Unlike many future novelists, Ishiguro doesn’t spend his teenage breathing classics. He is for them to listen to music and create his own music. In 1968 he bought Bob Dylan’s first album, “John Wesley Harding,” and has been working backwards ever since. He and his friends would sit for hours nodding to Dylan’s puzzling lyrics as if they understood every word. It’s like a microcosm of adolescence, he tells me, pretending to know while not knowing. Ishiguro isn’t just cheating. From Dylan, as well as Leonard Cohen and Joni Mitchell, he learned about first-person abilities: how a character can be summoned into existence with just a few words.
Ishiguro’s daughter, Naomi, who is about to publish her first novel, “Common Ground”, told me that she doesn’t recognize her father in any of his characters. She then corrects herself: Ono’s mean nephew in “An Artist of the Floating World”, has a phobia of “Popeye” and “The Lone Ranger” is an indicator of the newly emerging American cultural hegemony. Life, perhaps a version of Ishiguro at the same age. However, here the similarity no longer exists. “Some people leave their art grinder on a very low level, so you can see where everything is coming from, and some people leave it on a very high level, so you don’t know,” said Naomi, borrowing a concept from singer-songwriter Amanda Palmer. Ishiguro’s art grinder has numbered 10. Like Colson Whitehead or Hilary Mantel, he finds it easier to reveal people who are not like him.
However, it is fascinating to draw a connection between Ishiguro’s fragmentary immigration experience as a child and the outside storytellers he later dreamed of. Stevens, in “The Remains of the Day”, is a brilliant British housekeeper, but as his new American boss pointed out, he has lived so long in stately houses that he It’s hard to see real England. On his trip through the West as suggested by his owner, he was like a careless foreign tourist, lost his way, out of gas and unable to understand the natives deeply. In fact, not too many Britons consider Stevens a human being in general. Watching the sunset from a seaside pier at the end of the book, he watched with interest a group of people gathered nearby:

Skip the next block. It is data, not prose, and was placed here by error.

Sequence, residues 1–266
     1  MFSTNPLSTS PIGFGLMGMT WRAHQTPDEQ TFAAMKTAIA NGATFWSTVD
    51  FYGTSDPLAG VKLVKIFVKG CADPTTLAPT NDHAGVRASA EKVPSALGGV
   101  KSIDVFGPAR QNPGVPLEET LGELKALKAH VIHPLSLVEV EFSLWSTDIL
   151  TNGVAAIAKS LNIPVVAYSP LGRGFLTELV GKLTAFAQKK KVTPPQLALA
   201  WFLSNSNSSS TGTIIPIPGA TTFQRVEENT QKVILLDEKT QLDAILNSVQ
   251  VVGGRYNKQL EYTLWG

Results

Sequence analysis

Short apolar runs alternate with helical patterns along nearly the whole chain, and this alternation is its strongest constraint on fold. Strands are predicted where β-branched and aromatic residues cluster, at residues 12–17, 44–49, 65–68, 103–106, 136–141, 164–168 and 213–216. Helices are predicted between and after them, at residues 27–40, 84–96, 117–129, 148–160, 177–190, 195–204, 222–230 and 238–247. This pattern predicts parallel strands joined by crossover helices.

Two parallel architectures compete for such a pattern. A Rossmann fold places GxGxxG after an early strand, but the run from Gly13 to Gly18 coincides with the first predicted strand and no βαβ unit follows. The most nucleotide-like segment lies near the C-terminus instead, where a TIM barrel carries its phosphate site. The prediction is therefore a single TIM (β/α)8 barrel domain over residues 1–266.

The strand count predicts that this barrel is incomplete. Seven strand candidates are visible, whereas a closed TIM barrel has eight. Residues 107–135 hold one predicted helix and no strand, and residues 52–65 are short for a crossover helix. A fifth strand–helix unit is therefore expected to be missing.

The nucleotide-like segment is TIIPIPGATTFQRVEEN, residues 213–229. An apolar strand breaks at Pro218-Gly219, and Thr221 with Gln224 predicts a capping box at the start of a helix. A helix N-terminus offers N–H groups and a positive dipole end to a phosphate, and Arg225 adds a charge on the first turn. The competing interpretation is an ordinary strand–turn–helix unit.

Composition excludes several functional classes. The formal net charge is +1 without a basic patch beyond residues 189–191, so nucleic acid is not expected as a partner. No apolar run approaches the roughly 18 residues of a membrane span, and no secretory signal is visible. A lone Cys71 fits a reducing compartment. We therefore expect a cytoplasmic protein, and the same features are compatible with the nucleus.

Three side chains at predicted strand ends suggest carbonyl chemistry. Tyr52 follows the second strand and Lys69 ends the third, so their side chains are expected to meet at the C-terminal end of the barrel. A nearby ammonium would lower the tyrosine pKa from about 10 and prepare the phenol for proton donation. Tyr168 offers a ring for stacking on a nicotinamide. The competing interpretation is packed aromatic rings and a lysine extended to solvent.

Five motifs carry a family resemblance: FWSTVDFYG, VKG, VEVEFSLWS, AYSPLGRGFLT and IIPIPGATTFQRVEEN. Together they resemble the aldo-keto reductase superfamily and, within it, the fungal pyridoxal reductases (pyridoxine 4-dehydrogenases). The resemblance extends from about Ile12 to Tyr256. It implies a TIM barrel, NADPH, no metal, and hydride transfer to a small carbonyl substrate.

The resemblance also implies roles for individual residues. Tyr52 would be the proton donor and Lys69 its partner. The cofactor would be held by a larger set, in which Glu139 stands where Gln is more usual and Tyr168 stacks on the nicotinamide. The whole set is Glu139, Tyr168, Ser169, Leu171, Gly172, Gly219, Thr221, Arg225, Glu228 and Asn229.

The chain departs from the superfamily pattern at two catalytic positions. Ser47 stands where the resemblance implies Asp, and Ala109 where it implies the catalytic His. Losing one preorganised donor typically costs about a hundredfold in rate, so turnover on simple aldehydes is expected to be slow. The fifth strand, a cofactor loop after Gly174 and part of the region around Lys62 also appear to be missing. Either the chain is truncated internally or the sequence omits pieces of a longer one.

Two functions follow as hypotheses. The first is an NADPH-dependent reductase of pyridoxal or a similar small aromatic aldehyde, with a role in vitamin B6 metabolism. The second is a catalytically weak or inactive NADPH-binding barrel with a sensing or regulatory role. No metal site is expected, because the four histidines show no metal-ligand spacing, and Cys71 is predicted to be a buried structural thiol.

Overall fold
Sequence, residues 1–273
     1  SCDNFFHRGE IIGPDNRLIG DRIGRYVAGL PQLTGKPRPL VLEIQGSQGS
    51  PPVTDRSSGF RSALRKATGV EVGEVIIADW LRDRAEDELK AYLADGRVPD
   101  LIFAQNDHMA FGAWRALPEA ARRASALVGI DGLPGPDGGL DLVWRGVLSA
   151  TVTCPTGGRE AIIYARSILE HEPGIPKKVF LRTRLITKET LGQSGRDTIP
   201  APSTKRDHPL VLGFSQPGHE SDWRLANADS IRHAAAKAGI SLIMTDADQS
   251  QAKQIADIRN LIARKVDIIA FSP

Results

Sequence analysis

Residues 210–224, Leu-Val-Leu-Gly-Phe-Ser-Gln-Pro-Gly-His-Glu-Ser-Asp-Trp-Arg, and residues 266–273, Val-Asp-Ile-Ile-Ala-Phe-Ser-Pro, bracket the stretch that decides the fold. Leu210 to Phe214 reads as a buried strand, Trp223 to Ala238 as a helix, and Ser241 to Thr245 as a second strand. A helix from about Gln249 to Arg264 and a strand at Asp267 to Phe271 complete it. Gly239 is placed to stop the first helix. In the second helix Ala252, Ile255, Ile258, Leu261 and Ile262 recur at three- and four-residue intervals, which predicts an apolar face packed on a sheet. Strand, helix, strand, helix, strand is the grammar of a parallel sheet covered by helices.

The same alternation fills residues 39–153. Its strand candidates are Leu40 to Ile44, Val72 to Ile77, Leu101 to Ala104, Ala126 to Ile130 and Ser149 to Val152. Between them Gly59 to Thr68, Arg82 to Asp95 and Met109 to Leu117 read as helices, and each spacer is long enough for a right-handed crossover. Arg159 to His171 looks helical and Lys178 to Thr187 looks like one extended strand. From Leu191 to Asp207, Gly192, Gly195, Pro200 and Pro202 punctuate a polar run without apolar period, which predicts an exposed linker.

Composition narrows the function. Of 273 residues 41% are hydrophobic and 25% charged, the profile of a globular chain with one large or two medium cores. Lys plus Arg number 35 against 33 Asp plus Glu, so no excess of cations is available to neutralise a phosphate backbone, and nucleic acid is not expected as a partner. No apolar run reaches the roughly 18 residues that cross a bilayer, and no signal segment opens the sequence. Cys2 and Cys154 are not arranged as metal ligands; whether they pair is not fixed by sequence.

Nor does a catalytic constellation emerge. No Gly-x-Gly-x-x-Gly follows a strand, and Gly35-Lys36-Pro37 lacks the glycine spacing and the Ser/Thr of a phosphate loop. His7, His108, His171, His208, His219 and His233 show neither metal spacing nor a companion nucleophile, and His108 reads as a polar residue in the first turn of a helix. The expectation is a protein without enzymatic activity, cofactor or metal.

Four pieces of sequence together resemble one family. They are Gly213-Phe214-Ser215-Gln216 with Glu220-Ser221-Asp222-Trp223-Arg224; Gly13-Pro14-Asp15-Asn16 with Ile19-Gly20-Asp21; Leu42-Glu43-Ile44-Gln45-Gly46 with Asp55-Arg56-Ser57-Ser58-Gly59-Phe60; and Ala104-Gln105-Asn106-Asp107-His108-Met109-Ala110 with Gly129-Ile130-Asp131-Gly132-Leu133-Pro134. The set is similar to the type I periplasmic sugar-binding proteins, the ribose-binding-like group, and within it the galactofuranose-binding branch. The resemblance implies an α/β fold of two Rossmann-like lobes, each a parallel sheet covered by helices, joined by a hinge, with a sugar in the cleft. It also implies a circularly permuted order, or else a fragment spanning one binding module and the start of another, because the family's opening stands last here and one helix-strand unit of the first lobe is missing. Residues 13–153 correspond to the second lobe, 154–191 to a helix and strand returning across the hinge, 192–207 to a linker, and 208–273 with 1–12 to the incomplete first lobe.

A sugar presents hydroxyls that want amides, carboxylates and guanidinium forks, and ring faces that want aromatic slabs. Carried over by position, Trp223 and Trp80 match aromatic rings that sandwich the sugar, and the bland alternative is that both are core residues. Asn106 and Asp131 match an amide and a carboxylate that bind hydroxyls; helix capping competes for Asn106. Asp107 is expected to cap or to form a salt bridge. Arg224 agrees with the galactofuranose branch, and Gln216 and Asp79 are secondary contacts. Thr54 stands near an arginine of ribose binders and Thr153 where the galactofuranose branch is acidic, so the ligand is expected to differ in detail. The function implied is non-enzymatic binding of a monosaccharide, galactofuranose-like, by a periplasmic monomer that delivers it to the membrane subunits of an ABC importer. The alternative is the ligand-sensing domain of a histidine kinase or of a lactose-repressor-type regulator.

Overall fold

At first, I naturally assumed they were a group of friends hanging out together at night. But as I listened to their exchanges, it became clear that they were strangers who had just met here, right behind me. Apparently they all paused for a moment to let the lights come on, and then started chatting. When I watch them now, they are laughing happily together. It was curious how people were able to build warm feelings for each other so quickly.
Just as Klara was staring at the crowd from the shop front window, Stevens was probably watching the Aurora Borealis, which was his surprise at seeing this casual event.
Before studying English and philosophy at the University of Kent, Ishiguro hitchhiked around the United States and did a variety of jobs back home, including as the Queen’s cockfighting job at Balmoral Castle in Scotland. Starting about a mile behind the trench, or camp, where the Empress Dowager and her guests waited with their guns, the beaters would trudle across the meadow, driving the birds forward. shooting range. At the end of the season, there was a drink party for the beaters organized by His Majesty. Ishiguro was impressed by her charm, especially how she told them it was time to leave: Although it was late, she didn’t turn on the lights. “Oh, it’s getting dark,” she whispered as the sun began to set, before inviting her guests to examine a series of paintings, which only happened along the corridor leading to the exit.
If that experience gave him a useful behind-the-scenes look at a vast old country house, then the job he undertook after graduation, at an organization in West London that specializes in helping people homeless looking for housing, taught him something about life on the other end of society. spectrum. While working there, he met Lorna MacDougall, a social worker from Glasgow, with whom he would later marry. MacDougall is Ishiguro’s first and foremost reader, and her comments can be annoying. After reading the first 80 pages of his previous novel, “The Buried Giant” (2015), a historical fantasy film set in Dark Age England, she told he says that simple ornate dialogue is ineffective and he needs to start over. Ishiguro did as she suggested.
He’s always receptive to feedback. In 1979, Ishiguro applied and was admitted to study creative writing at the University of East Anglia. One of his oldest friends, Jim Green, who is earning a master’s degree in literature, recalls Ishiguro’s reaction to weekly reading to a 19th-century novel seminar. My impression is how he talks about Stendhal or Dickens or Eliot or Balzac as if they were fellow craftsmen, ”said Green. “There is no sign of arrogance or arrogance, but he treats them as if they were his colleagues from a creative writing course who are showing him their work. It was: ‘Ah, OK, that’s why it happened, here’s how this is done. Hmm, not sure that that bit works. ”